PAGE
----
The Sacramento City Council that takes office in December will have almost completely turned over since 2010, with retirements, runs for higher office and incumbents getting knocked out. The newcomers have brought common sense and cohesiveness to the council.
The city needs more strong leaders during the crucial next few years. It is on the cusp of growth, with the planned downtown arena, and projects in the nearby railyard, Delta Shores and perhaps even Natomas. At the same time, Sacramento’s existing neighborhoods need nurturing.
While the budget crisis has eased, City Hall still faces nearly $2 billion in unfunded pension and retiree health care liabilities over the next 30 years.
Of the bumper crop of 12 candidates for three contested seats on the June 3 ballot, the standouts are Jeff Harris in District 3, incumbent Jay Schenirer in District 5 and Rick Jennings in District 7. They receive The Bee editorial board’s endorsement.
In this district, which includes east Sacramento and South Natomas, 20-year council veteran Steve Cohn is giving up the seat to run for state Assembly.
Of the seven candidates, Harris is a cut above. He will continue Sacramento’s long tradition of hands-on neighborhood leaders who learn the ropes on city boards before moving up to the City Council.
A general contractor, he is past president of the River Park Neighborhood Association and current chairman of the city’s Parks and Recreation Commission, where he played a key role in what became Measure U, the local sales tax hike that has helped restore parks and public safety services. Harris will be a thoughtful and pragmatic councilman.
Cyril Shah, an American River Flood Control District trustee who is on the Sacramento Metropolitan Arts Commission and Sacramento Area Flood Control Agency board, also has the potential to be a good council member.
He is also the apparent frontrunner, raising far more money than anyone else, largely from business and construction interests. But Shah does himself no favors by acting like it. In a Bee editorial board interview with three opponents, he barely paid attention when the others were talking.
With so many contenders, it appears likely that no one will win a clear majority in June. The top two finishers would face off in November.
In this district, centered on Oak Park and Curtis Park, Schenirer is facing a challenge from Ali Cooper.
During his first term, Schenirer has been a smart and compassionate voice on the council and has worked to improve Oak Park and help young people. In a second term, he pledges to do more to help the homeless and create health sciences jobs. After helping shepherd the city through the budget crisis, he now wants to help guide Sacramento through better times. That’s a reasonable request.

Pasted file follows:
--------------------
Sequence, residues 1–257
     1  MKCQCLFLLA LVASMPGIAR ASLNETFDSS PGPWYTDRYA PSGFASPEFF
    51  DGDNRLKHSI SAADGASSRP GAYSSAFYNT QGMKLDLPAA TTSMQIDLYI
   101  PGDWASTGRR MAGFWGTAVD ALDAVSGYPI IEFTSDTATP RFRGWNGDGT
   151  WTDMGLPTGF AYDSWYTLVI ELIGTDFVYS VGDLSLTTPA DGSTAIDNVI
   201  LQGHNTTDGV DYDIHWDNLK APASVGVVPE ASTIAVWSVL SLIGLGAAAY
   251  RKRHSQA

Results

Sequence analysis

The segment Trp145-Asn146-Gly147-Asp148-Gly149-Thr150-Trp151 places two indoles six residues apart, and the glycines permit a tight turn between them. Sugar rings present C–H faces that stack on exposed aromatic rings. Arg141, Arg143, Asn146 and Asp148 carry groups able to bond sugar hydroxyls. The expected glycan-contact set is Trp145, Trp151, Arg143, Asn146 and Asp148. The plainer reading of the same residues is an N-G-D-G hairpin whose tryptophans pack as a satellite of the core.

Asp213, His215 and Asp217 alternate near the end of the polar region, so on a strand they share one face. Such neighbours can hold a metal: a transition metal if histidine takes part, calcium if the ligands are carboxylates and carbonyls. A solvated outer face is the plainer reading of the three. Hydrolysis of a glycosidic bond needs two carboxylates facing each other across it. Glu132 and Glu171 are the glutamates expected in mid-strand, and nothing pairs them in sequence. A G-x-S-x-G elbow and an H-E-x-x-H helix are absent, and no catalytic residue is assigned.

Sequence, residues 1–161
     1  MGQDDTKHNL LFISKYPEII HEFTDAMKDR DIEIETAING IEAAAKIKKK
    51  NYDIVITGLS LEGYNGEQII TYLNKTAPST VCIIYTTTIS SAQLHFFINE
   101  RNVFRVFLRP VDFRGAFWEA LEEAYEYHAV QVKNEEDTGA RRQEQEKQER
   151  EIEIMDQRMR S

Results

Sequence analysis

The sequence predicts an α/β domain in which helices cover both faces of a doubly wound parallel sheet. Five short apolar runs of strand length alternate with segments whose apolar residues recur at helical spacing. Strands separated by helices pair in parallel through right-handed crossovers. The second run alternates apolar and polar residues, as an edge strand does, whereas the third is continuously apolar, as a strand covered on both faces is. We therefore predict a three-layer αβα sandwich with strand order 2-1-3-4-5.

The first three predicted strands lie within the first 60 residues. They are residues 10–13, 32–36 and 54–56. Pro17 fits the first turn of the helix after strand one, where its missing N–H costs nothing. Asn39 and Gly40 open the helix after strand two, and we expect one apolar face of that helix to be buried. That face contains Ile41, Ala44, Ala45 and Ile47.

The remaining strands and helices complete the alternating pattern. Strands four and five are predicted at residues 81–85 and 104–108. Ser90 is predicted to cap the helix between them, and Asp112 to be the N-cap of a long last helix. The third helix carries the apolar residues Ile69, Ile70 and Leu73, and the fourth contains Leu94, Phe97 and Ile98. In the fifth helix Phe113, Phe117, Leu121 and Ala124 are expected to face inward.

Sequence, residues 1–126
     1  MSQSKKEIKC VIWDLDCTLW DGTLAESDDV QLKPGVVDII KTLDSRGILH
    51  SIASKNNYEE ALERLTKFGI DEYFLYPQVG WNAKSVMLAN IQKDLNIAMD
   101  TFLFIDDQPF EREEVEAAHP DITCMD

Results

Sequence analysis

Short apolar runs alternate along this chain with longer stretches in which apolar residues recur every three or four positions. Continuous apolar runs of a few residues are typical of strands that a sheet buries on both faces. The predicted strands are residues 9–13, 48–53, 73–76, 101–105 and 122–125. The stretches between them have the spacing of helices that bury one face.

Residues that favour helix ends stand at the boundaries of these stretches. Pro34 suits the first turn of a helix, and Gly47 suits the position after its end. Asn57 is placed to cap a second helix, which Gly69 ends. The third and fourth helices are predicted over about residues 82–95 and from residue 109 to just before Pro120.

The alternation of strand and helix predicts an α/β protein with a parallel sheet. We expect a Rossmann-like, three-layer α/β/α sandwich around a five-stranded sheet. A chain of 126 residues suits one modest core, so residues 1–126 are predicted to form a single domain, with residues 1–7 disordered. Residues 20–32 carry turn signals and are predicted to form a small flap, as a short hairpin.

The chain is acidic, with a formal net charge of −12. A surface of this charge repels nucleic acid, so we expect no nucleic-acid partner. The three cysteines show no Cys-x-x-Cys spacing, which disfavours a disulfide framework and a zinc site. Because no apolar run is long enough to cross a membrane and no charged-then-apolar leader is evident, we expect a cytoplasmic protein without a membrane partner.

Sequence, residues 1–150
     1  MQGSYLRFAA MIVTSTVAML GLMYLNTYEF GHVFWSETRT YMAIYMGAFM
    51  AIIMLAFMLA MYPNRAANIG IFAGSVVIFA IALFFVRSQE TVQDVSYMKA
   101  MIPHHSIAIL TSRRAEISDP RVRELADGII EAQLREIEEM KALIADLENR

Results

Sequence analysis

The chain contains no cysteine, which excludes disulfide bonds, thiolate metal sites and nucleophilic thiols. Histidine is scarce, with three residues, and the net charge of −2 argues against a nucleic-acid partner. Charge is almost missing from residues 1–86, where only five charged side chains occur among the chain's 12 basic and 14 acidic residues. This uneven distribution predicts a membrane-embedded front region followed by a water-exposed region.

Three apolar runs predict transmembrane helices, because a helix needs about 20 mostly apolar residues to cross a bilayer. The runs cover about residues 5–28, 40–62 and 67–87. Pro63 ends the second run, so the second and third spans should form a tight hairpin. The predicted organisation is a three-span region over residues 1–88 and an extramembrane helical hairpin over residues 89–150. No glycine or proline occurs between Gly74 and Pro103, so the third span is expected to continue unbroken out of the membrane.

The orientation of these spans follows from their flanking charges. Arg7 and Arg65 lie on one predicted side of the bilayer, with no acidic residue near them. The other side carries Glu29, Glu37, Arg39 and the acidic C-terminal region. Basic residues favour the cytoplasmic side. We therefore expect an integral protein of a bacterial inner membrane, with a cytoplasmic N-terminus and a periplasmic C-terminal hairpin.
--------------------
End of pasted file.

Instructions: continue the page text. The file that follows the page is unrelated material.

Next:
Cooper promises to advocate for the powerless, growing out of a compelling life story. He was a Vietnam War baby whose family fled just before Saigon fell, who grew up poor in Los Angeles and who found his calling in community and labor organizing. He has worked as a community organizer and for local and statewide unions, most recently as political director at SEIU Local 1000, which represents state workers.
He does not, however, make a convincing case why he would better represent the district and the city.
This district, which covers Pocket/Greenhaven and Valley Hi, is also an open seat, with first-term Councilman Darrell Fong seeking another state Assembly spot.
Both Julius Cherry, a former city fire chief and county planning commissioner, and Jennings, a past city school board member, are impressive contenders with a history of public service. It’s too bad that they’re running for the same seat.
What would be worse is if this race were decided not by their qualifications, but by the political factions lining up behind them.
Jennings has the endorsement of Mayor Kevin Johnson and his supporters, the police union and the business community. Cherry is backed by former Mayor Heather Fargo, the anti-Johnson faction on the council and most labor unions.
It’s a close call, but Jennings gets the edge because of his proven track record in elected office – 12 years as a reformer on the Sacramento City Unified School Board, ending in 2008.
He has since broadened his leadership experience as CEO of the Center for Fathers and Families, a nonprofit that provides after-school programs and parenting classes.
The third candidate, Abe Snobar, stresses his ties to Valley Hi.
Whoever wins this seat must pay more attention to that needy neighborhood.